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Kingston’s claim to fame

I live in the small town of Kingston, where nothing much ever really happens, and we like it that way. But it wasn’t always this way, Kingston has a little bit of history when it comes to the founding of this country. Kingston is the town that Josiah Bartlett called home.

Who was Josiah Bartlett? You wouldn’t be alone in asking that question, history has seemingly forgotten him. Josiah Bartlett was appointed as a delegate for New Hampshire to the second continental congress in 1776.

When the vote for independence was taken it was Josiah Bartlett who was called on first and cast the first vote in favor of independence. When the Declaration of Independence was signed, Josiah Bartlett was the second person to sign. According to folklore, Josiah Bartlett personally took the pen from John Hancock before he attached his signature directly below the most famous signature in United States history.

From this website comes the following Josiah Bartlett biography:

Josiah Bartlett (1729–1795), was an American physician and statesman who, as a delegate to the Continental Congress for New Hampshire, signed the Declaration of Independence. He was later Chief Justice of New Hampshire’s Supreme Court and Governor of the state.

Personal life
Josiah was born in on November 21, 1729 to Stephen and Hannah (Webster) Bartlett in Amesbury, Massachusetts. He was their fifth child and fourth son. He attended the common schools, but with uncommon success. By the age of sixteen, by study, he had also built a foundation in Latin and learned some Greek. In 1745 he began the study of medicine, working in the office of Dr. Ordway of Amesbury. Before he turned twenty-one, in 1750, he moved to Kingston, New Hampshire in Rockingham County, hung out his shingle and began his practice.

Kingston at that time was a frontier settlement of only a few hundred families. If a man could stitch wounds, set bones, and treat fevers, he was welcome, even without formal educational credentials. Dr. Bartlett could, and as the only Doctor in this part of the county, his practice prospered. He purchased land and added a farm to his credit.

On January 15, 1754 he married Mary Bartlett of Newton, New Hampshire. She was his cousin, the daughter of his uncle, Joseph. They would remain a devoted couple until her death in July 14, 1789. Over the years they would have eleven children: Mary (1754), Lois (1756), Miriam (1758), Rhoda (1760), Hannah (who died as an infant, 1762), Levi (1753), Josiah (1765, died that same year), Josiah (1768), Ezra (1770), Sarah (1773), Hannah (1776, also died as an infant). All three of his sons, and five of his grandsons would follow him as physicians.

Political career
Like many prominent men in small communities, Bartlett became active in the political affairs of Kingston, and in 1765 he was elected to the colonial assembly. In 1767 he became the colonel of his county’s militia and Governor John Wentworth appointed him justice of the peace. As the Revolution neared, his Whig policies brought him into opposition with the Royal Governor, John Wentworth.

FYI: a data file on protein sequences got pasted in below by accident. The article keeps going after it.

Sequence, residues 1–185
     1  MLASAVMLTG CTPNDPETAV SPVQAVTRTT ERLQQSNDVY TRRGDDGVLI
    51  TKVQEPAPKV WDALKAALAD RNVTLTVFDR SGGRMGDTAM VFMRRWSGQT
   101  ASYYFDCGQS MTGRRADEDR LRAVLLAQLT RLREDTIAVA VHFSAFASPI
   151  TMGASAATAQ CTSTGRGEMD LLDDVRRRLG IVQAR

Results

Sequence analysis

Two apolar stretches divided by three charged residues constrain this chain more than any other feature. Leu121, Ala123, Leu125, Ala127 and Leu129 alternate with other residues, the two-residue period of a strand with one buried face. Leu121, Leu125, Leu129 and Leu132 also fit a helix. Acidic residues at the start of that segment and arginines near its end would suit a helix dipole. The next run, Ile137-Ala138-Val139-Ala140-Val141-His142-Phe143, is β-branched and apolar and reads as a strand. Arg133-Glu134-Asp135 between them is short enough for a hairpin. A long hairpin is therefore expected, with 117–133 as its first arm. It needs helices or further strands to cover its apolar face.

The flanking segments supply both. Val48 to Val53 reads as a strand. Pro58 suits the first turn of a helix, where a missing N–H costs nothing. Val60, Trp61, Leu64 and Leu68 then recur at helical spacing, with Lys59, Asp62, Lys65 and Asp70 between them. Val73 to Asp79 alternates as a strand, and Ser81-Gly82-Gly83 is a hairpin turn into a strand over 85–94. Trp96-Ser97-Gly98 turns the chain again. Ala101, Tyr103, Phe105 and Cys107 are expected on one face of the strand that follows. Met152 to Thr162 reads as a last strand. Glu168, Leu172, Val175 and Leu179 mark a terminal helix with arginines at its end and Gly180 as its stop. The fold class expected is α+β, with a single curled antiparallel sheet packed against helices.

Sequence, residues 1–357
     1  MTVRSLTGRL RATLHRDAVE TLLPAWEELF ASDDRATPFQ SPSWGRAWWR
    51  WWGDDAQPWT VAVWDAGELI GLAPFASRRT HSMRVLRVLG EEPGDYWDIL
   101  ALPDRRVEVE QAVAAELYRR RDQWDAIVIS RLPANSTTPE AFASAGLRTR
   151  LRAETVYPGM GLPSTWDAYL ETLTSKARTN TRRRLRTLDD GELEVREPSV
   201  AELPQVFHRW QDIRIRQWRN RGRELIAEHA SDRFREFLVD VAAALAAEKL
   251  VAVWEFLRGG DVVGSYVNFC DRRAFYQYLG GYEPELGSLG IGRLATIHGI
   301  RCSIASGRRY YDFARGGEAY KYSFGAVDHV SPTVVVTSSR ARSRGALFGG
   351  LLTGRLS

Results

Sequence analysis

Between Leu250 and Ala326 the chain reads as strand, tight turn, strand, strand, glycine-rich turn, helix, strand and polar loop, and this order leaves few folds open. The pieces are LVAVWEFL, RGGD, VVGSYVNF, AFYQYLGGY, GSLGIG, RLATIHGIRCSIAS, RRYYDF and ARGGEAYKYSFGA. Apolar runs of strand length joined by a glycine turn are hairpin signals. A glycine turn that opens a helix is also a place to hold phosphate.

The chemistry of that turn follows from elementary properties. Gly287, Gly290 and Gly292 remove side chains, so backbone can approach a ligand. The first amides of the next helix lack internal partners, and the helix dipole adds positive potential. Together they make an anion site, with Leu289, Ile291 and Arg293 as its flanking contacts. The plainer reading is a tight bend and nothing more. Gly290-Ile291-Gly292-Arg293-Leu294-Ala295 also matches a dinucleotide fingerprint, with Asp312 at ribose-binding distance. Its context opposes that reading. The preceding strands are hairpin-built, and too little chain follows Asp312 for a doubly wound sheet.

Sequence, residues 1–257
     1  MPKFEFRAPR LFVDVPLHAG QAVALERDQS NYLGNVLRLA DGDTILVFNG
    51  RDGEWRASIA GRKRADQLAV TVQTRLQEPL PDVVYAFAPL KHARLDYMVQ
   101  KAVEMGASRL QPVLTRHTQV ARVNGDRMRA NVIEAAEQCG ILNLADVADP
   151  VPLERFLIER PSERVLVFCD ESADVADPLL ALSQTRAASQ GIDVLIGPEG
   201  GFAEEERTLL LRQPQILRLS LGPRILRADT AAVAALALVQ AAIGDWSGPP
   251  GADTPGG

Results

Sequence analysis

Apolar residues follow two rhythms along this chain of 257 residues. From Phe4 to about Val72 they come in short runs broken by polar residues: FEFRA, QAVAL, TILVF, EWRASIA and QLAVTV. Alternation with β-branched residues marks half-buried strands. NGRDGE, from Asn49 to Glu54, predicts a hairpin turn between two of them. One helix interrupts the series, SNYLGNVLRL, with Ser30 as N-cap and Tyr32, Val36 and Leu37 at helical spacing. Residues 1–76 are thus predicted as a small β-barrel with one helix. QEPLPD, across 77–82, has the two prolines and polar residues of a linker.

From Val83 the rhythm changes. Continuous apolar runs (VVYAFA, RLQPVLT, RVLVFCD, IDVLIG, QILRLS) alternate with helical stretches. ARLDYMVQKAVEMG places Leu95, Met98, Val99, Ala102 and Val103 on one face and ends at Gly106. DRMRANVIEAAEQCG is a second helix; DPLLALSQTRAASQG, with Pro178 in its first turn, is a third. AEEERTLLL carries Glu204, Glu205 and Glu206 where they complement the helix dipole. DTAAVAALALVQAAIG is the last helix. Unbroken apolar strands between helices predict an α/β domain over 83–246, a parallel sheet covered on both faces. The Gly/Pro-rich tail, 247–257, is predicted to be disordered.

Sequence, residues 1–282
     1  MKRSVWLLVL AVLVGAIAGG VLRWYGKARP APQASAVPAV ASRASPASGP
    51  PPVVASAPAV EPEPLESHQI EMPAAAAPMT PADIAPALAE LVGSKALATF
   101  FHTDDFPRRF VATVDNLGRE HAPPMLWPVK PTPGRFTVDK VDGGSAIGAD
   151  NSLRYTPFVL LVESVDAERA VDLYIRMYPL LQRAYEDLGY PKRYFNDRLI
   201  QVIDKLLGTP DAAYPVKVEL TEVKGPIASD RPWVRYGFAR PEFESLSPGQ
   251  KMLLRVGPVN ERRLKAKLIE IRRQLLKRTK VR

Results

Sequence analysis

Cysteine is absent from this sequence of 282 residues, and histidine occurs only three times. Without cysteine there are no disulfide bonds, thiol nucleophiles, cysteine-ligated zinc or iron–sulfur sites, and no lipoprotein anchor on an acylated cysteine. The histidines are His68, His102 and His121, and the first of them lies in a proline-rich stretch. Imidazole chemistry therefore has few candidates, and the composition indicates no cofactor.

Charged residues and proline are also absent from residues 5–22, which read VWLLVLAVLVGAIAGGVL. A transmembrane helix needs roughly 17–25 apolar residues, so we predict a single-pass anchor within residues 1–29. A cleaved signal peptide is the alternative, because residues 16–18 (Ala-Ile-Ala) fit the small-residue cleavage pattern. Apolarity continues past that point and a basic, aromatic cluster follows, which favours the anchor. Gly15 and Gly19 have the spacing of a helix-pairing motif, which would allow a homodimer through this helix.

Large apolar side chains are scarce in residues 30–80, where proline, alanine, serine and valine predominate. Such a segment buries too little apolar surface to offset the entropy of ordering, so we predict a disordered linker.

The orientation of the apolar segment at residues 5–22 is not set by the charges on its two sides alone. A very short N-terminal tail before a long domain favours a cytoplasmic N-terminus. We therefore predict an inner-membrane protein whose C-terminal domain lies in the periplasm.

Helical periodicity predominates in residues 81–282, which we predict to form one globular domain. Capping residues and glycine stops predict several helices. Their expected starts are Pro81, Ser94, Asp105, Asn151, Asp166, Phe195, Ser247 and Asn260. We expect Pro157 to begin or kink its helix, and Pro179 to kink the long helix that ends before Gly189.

In 1774, Bartlett joined the Assembly’s Committee of Correspondence and began his work with the revolutionary leaders of the other 12 colonies. Later that year, when Wentorth dismissed, or prorogued, the Assembly, Josiah was elected to its revolutionary (and illegal) successor, the Provincial Assembly. He also suffered the loss of his home by fire, alleged to have been set by opposition Tories. He moved his family out to the farmhouse and began rebuilding immediately. When the assembly appointed Bartlett and John Pickering as delegates to the Continental Congress, he had to decline because to attend to his family, but remained active in New Hampshire’s affairs. In one of Governor Wentworth’s last acts before being expelled from New Hamsphire in 1775, he revoked Bartlett’s commissions as Justice, Militia Colonel, and Assemblyman.

Continental Congress
Bartlett was selected as a delegate again in 1775, and attended that session as well as the meetings 1776. Indeed, for a time in late 1775 and early 1776 he was the only delegate attending from New Hampshire. Much of the work of the Congress was carried out in Committees. The most important of these had a delegate from each state, which meant that Bartlett served on all of them, including those of Safety, Secrecy, Munitions, Marine, and Civil Government. His attention to detail and hard work in these committees made him one of the most influential members in the Congress, even though he was seldom active in debates before the full congress.

Eventually, after his continued letters home to the Assembly and Committee of Safety in New Hampshire, William Whipple and Matthew Thornton were added to the delegation in Philadelphia. When the question of declaring independence from Great Britain was officially brought up in 1776, as a representative of the northernmost colony Bartlett was the first to be asked, and answered in the affirmative. On August 2, 1776 when delegates signed the formal copy of the Declaration of Independence, his position made him the second to sign, just after John Hancock, the president of the Congress.

In 1777, he declined a return to the congress, citing fatigue due to earlier efforts. But when trouble threatened, he used his medical skills and accompanied John Stark’s forces to the Battle of Bennington in August.

He was re-elected to Congress in 1778, and served on the committee that drafted the Articles of Confederation. But, after the articles were adopted, he returned to New Hampshire to attend to personal business. This was the last of his federal service, as he felt he had overlooked his family for too long. Indeed, while he was at the Congress in 1776, his wife Mary had managed the farm, saw to the completion of rebuilding their house, cared for nine children, and given birth to Hannah.

Later career
Although he remained in the state after 1778, in 1779 he returned to his role as a Judge, serving in the Court of common pleas. Then in 1782 he was appointed to the New Hampshire Supreme Court in spite of not being a lawyer. Indeed, some contemporary lawyers held the view that justice was never better than when the senior judges knew little legal history.